Day 2 Looking at numbers to “see” factors and multiples Factors, multiples, prime numbers, number relationships, algebraic expressions and equations MP7: Look for and make use of structure. MP8: Look for and express regularity in repeated reasoning
Day 3 Paper folding task Area, fractions, triangles, squares, and estimation MP3: Construct viable arguments and critique the reasoning of others and MP4 Model with mathematics
Day 4 World’s most famous triangle Patterns in number, triangular numbers, addition, powers MP1: Make sense of problems and persevere in solving them. MP7: Look for and make use of strcutre. MP8: Look for and express regularity in repeated reasoning
Day 5 Seeing Shapes Algebraic thinking, generalization, forming an algebraic expression, algebraic equivalence MP1: Make sense of problems and persevere in solving them MP2: Reason abstractly and quantitatively MP7: Look for and make use of structure

Dr. Boaler is a proponent of the Common Core and she outlines why through the video linked here. Moreover, she explains how practitioners can create a classroom where students have a “learning orientation towards math” and away from a “performance subject.” The video is worth a watch especially if you are struggling with ideas about how to make math more engaging for students.

**Thank you to Katie Penney and Janelle Turnier for introducing me to Jo Boaler and her website YouCubed.

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Back to the Classroom to Teach 4th Grade

For the last four years, I have been introducing myself as a Teacher On Special Assignment working for Washoe’s Curriculum & Instruction Department. That changes in a few weeks when the new academic year begins and I officially become one of the 4th grade teachers at Huffaker Elementary. It’s a move I am quite excited about but simultaneously, I will miss being able to direct most of my energy to the Core Task Project.

In 2011, my colleagues Torrey Palmer, Cathy Schmidt and I started the Core Task Project (CTP) as a means of accessing the K-6 ELA Common Core State Standards and answering the question, what does it mean to do Common Core. In 2011, there were no shortage of answers from national consultants encouraging teachers to deconstruct the standards, to states creating crosswalks and translation guides, to publishers doing alignment studies affirming the use of their programs. Interestingly, this council was hard to reconcile with what we were learning from the authors of the Common Core and its work and validation team members. Consequently, we brought 18 teachers together to help co-construct an answer to our question.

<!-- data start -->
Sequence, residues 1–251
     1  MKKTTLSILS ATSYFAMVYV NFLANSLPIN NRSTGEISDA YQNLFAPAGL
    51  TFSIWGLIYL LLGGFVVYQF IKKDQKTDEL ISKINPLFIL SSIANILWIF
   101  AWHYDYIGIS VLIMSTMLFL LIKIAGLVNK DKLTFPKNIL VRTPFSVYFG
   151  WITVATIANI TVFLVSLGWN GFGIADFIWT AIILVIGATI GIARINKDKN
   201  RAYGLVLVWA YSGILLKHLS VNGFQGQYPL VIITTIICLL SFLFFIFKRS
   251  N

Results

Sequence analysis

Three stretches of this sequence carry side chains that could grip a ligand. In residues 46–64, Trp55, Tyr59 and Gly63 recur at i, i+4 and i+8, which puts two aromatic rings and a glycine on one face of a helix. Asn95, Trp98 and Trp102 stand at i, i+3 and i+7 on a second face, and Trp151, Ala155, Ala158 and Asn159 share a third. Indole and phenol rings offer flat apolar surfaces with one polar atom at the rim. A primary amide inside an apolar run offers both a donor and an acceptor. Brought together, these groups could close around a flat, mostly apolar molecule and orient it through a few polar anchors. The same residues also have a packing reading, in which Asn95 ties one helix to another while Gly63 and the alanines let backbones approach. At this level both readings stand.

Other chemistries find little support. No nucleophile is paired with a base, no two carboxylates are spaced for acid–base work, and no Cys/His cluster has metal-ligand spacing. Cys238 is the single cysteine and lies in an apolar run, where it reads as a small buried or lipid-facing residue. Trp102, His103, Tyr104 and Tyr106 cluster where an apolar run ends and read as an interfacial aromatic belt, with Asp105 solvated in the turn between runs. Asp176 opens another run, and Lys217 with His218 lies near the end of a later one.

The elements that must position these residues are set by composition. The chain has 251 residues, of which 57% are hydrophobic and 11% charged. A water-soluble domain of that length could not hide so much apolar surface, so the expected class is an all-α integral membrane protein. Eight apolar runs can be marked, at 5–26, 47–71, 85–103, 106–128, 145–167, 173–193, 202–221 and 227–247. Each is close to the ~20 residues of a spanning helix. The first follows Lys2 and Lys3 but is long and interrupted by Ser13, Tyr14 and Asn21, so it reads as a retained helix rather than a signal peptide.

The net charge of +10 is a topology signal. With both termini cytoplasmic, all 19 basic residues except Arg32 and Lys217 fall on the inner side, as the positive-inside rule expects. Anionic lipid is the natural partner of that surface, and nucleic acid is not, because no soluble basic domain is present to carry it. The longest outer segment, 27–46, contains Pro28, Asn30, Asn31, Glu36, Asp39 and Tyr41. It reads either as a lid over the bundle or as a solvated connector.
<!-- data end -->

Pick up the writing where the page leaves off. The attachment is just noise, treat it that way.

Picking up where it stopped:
What was interesting about the work is that it put teachers at the center of our district’s Common Core implementation. Everything was effectively field-tested by practicing teachers and if a pedagogical move or instructional resource failed in a classroom, it was no longer used and promoted. Conversely, if it was successful, we would share these in future sessions of the Core Task Project and teachers would pass these on in staff meetings, grade level PLCs, or trainings they created. Moreover, because we were only using free resources, anyone could opt into the CTP, making the successful outcomes scalable.

Keeping teachers at the center of any district reform is challenging—doing it with Common Core is especially difficult. We have become deeply paternalistic in education; that is, we invite consultants to districts to tell teachers what to do or we send people to conferences with the expectation that they will become expert on something—and then tell teachers what to do. The CTP flipped the script and brought the conferences and research to teachers directly. In short, the CTP cut out the middleman. Instead of hearing from a conference attendee or consultant, we learned as a community and became the experts. We would watch video on YouTube and Vimeo (e.g. Dr. P. David Pearson, Dr. Dan Willingham, Dr. Freddy Hiebert, Dr. Louisa Moats, Dr. Tim Shanahan, and dozens of others), find resources well-matched to the learning, and then breath life into the aforementioned through Social Emotional Learning, engagement strategies, and evidence-based instructional moves. This was all taken through the Plan-Do-Study-Act cycle and classroom teachers were able to match academic theory with practice.